Having mastered the art of talking fast while serving all the sports news, Joyce nails it to the core as has been the norm in Ghana for sports shows.
Pitch to Pitchside: How sickness forced a female Ghanaian footballer into commentary
ACCRA, GHANA: Joyce Annor Yeboah grew up wanting to play football. However, a sickness that nearly killed her made her quit the game to pick up a new passion; football commentary.
This style of presentation started in Kumasi. Most radio stations had limited time for their sports updates and resorted to talking fast to deliver all the updates in the various sports disciplines within the shortest possible time.
Years on, this act of fast-talking has become a trait of every sports show in Ghana, sneaking its way from radio to television too.
Joyce Annor Yeboah had always known her talent when it comes to the game of football but what hit her was something she never expected. Commentating on the game was just a backup plan.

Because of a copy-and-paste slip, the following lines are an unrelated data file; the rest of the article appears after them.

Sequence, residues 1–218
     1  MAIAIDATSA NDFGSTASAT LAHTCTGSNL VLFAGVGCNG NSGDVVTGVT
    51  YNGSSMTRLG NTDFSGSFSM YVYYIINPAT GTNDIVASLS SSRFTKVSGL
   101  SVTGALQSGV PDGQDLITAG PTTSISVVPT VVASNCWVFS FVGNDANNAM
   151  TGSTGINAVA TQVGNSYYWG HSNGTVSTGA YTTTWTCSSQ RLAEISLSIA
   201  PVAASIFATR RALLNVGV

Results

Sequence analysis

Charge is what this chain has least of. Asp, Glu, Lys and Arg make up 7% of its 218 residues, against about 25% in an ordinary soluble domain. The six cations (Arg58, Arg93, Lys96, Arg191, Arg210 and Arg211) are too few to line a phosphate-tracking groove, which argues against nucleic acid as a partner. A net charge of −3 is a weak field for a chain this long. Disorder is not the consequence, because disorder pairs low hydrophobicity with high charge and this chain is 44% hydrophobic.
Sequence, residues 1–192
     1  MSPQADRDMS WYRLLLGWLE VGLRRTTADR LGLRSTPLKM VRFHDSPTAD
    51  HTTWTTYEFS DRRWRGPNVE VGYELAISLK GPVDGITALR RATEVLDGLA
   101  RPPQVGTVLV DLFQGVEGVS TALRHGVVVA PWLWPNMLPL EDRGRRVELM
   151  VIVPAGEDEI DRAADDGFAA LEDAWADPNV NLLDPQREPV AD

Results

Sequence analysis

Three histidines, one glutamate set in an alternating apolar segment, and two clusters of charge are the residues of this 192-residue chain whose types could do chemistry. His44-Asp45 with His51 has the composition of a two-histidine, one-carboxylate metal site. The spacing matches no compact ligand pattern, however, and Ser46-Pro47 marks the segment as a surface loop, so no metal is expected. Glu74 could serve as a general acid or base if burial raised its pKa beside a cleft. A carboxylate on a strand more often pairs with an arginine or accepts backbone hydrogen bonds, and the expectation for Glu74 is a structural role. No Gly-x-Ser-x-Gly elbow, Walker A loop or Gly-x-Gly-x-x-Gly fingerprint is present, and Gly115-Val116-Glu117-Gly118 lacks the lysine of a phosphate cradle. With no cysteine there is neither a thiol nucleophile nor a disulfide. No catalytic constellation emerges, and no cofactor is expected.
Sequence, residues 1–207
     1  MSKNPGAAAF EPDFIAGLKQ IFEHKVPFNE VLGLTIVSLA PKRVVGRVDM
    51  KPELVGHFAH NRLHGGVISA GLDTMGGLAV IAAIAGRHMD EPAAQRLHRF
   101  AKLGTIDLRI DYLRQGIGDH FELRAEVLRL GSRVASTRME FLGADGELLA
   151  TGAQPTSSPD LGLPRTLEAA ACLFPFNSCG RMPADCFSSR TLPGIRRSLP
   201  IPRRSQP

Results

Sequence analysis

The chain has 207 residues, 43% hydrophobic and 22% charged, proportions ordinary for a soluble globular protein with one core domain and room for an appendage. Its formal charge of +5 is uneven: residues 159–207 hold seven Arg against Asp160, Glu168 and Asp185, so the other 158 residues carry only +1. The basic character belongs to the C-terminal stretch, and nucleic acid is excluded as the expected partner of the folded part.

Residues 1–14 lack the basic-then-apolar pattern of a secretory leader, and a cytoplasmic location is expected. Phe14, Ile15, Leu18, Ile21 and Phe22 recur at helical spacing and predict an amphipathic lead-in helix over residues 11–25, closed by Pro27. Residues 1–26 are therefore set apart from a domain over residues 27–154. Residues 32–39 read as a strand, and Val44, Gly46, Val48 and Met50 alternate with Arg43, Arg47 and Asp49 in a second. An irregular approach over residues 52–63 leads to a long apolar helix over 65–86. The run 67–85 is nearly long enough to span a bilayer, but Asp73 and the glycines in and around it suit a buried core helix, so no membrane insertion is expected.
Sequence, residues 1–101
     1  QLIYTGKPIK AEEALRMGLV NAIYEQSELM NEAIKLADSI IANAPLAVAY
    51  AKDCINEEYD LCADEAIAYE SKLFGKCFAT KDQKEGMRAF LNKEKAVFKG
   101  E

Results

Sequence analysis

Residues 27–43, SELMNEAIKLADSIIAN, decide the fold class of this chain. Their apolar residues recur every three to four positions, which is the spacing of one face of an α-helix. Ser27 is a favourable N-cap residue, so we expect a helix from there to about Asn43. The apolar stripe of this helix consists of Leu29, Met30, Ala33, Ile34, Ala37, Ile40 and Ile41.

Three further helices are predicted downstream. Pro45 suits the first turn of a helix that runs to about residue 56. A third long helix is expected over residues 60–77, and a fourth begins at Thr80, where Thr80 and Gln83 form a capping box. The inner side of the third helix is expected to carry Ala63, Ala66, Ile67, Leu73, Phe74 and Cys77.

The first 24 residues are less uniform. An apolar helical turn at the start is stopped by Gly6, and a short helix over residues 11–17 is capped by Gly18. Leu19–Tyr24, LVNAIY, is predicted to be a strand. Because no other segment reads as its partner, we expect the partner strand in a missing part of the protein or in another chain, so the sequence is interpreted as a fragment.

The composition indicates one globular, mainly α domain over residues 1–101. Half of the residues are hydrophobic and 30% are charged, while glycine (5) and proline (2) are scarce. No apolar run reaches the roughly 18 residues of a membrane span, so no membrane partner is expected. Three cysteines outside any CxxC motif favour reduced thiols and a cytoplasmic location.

Growing up and love for the game
Joyce was born in Buokrom, a suburb of Ghana’s second-largest city, Kumasi. She, however, grew up in a small town called Asankare in Asante Akim South Municipal of the Ashanti Region of Ghana.
“Asankare was a village at the time I was there. I grew up there. I completed Junior High School there and also went to the Presbyterian Senior High School at the same time," Joyce told Pulse.com.gh.
“That was when I completed SHS, my first SHS.”
Financial hardship was the reason Joyce Annor Yeboah had to spend another time in a senior high school despite having already had that formal education in Ghana.
According to Joyce, she was ready to pursue her tertiary education when her mother sat her down for a conversation.
Her mother disclosed to her that she had to enrol in another senior high school because her elder siblings were about making their entrance to tertiary and there was not enough financial backing to support all of them. She agreed and started all over again at Collins Senior High.
In all this, Joyce’s love for the game was a highlight in her life story.
The love for the game had started at an early age of 5. Joyce used to go out with the boys to watch football. Sometimes she played to the point of tearing her footwear.